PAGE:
Rockers Keep Rocking for a Better Life

Music, theater, dance or visual arts not only bring beauty and joy to life, but a recent study has found that adults over 50 who regularly enjoyed live concerts or other “receptive arts” had a 31 percent lower risk for early death. 

According to a report in the New York Times, researchers at University College London who followed 6,700 Brits over a period of 15 years found that those who attended concerts, galleries, plays, the opera, museums or exhibitions monthly has a lower risk of dying over the next 14 years than those who never went out.  The study associates engagement in the arts with greater longevity and the National Health Service is planning community-based activities to protect health and well-being for older adults.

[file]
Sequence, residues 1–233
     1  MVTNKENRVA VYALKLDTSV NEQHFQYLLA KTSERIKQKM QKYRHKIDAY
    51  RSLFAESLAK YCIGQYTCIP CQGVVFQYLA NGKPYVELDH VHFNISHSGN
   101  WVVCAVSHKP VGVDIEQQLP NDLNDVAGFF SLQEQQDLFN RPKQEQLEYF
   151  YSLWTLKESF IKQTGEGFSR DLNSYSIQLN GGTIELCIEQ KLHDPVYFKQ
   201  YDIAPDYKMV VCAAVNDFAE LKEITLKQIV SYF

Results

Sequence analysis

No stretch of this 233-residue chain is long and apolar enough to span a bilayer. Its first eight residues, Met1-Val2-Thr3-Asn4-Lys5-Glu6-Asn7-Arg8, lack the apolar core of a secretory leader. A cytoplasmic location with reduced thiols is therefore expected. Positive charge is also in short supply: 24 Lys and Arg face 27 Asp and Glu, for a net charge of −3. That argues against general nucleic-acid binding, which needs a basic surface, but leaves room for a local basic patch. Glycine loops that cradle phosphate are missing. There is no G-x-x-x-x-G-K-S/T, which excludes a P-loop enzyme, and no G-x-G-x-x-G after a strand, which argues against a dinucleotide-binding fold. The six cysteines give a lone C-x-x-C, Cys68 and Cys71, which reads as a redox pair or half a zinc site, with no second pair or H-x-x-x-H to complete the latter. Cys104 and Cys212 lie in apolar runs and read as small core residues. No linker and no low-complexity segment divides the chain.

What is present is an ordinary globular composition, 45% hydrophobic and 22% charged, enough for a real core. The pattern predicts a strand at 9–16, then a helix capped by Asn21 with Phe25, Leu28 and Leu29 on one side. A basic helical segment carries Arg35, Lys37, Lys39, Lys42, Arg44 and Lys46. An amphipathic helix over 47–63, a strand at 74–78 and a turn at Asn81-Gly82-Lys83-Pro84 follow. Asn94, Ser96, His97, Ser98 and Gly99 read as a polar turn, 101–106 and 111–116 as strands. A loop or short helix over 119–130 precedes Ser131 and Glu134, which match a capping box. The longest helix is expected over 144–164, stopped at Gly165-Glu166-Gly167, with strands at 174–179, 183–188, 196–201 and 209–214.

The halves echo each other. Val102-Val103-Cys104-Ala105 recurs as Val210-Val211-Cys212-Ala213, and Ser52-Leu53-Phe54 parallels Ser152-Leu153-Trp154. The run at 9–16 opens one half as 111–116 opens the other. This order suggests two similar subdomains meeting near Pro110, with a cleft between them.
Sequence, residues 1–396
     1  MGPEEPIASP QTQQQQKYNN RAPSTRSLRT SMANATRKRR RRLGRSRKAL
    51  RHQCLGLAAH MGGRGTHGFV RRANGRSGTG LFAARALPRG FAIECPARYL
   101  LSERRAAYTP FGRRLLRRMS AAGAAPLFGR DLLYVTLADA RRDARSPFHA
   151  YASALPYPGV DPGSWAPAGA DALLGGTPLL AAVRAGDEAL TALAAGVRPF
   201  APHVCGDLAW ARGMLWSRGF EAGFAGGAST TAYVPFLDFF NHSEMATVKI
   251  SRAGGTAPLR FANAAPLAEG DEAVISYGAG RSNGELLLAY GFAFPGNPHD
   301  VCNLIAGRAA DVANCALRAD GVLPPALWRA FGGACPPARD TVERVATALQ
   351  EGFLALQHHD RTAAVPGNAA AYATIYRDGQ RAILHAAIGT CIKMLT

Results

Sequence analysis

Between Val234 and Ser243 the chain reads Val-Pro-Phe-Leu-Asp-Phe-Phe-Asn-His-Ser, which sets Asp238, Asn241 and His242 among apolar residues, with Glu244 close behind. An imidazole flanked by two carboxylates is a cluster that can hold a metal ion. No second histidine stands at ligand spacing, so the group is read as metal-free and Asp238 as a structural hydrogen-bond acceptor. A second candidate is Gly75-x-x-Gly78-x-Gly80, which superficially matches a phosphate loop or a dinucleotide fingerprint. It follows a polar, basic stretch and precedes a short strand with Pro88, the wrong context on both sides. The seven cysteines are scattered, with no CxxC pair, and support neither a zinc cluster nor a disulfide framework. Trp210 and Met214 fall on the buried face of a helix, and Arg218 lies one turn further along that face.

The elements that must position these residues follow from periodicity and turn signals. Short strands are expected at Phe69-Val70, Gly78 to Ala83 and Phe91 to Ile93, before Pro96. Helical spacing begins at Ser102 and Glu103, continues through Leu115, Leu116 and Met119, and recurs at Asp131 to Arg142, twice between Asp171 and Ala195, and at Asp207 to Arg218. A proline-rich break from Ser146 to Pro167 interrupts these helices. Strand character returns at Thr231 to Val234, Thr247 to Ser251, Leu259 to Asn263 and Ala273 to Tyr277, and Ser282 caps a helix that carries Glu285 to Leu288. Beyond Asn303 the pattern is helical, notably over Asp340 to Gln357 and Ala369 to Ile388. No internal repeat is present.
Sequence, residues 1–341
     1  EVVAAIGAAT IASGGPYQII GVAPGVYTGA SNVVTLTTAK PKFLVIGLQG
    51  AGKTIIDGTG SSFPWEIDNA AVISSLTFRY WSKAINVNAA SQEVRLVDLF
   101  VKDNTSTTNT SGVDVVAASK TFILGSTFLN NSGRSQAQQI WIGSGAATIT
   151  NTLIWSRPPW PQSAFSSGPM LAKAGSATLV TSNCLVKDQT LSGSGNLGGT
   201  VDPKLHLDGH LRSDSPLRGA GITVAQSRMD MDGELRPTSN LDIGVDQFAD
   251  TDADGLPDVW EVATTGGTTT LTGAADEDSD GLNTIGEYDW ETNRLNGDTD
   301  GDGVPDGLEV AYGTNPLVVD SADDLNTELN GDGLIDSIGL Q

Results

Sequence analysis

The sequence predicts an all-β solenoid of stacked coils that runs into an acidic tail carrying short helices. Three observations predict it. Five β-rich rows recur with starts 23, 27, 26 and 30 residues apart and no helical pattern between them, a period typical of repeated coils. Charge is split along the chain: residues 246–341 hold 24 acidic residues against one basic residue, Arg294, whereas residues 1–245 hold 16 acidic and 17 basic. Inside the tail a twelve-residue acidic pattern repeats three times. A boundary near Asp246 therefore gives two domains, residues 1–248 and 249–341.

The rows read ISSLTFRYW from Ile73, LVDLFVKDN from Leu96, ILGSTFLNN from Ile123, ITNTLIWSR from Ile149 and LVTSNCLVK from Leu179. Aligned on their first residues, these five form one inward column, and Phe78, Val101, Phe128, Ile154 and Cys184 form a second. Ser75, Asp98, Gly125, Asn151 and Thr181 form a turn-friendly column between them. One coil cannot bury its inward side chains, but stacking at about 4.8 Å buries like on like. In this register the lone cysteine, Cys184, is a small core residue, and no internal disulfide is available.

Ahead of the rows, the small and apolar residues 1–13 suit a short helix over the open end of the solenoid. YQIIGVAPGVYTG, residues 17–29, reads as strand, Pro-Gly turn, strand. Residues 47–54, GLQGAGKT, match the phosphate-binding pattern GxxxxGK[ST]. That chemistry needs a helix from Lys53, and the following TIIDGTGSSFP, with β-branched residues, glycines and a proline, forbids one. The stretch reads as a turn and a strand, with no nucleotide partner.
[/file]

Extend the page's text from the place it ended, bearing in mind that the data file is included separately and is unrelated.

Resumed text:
Participating in cultural and art events can help seniors stay socially connected with their communities, helping to prevent isolation and loneliness.  Arts engagement has also been linked with stress reduction, building cognitive reserves, promoting empathy and reducing sedentary behavior that can lead to poor physical health.  

Doctors have taken note of previous research that suggests the emotional, cognitive and physical health benefits of participating in the arts and have gone so far as “prescribing” arts activities to their patients.  Community service programs are also referring people, especially older adults, to local arts activities to help them stay active and engaged, enjoying better physical and mental health. 

Whether it’s a Classic Rock concert, the ballet or an art exhibition, making plans to engage in the arts can help older adults live better and perhaps longer.  Creating art has also been found in studies to foster a greater sense of fulfillment, purpose and better overall health.  And learning a new skill, such as photography or painting, can help protect the aging brain from cognitive decline and dementia. 

While the winter winds continue to blow, why not plan a few field trips to the museum, the theater or the opera?  Even better, enroll in a community art class and let the creativity flow.